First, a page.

Personally, at least, I struggle with some of these decisions. But it’s also undeniable that lots of people—Herro has 2.2 million Instagram followers, surely not all people who idolize his jump shot—think he looks cool and good. So what’s going on here? Is Herro dressing for a bit, or because he thinks he looks great? His Twitter handle is @raf_tyler, after all. He’s definitely in the know when it comes to designer brands, but have these playoff looks been an intentional effort to be seen or is this just really how the kids are dressing?
To answer the question, I texted my Gen Z sister. She is much closer to Herro’s age than my age—and, helpfully, isn’t familiar with the Heat’s fashionista, making her an objective observer. She went directly to his Instagram, and came back with, “I like all his fits in his recent Instagram post.” (For transparency, like any good zoomer, that text—like every text she sends—was in all lowercase.) Her response to the light blue fuzzy bucket hat was “oh i love the hat.” (She is firmly pro-bucket hat.) As for the get-up that Van Gundy made fun of on national television, she said, “it seems the pants are striped and i don’t like that but i do like the hat.”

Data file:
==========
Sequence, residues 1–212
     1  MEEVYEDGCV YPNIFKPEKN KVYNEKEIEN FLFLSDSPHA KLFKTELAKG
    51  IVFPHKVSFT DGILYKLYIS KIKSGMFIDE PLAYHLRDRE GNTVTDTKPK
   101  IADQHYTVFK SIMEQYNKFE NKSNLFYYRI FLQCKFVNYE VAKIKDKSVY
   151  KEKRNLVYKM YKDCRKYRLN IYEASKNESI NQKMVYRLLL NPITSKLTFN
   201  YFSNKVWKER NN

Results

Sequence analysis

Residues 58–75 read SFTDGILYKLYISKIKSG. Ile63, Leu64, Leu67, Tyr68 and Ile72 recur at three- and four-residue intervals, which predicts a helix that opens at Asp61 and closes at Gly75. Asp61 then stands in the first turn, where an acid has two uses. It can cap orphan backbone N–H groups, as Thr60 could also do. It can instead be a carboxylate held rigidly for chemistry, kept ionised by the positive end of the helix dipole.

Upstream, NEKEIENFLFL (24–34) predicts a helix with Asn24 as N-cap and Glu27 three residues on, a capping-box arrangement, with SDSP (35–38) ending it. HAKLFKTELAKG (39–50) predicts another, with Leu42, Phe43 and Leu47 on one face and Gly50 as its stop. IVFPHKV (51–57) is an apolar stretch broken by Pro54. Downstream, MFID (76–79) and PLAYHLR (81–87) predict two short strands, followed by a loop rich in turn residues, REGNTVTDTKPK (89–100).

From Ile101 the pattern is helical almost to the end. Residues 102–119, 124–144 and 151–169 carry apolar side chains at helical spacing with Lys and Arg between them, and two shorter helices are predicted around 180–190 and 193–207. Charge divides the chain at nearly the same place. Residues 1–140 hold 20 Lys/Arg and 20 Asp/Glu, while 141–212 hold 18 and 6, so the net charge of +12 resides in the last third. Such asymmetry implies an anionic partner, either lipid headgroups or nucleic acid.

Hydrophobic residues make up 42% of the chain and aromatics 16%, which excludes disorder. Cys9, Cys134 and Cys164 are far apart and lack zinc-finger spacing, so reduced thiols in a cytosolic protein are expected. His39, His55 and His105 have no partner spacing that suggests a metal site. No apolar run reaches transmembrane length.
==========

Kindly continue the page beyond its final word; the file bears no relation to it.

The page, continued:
There you have it, folks. If you were born in the 2000s, there’s a decent possibility you live on Bucket Hat Island—whether you’re a goofy millionaire basketball player or a college freshman texting me from her dorm. And if you think Tyler Herro needs to work on his style, well, you’re probably just washed.
Copyright : https://www.gq.com/story/tyler-herro-playoff-fits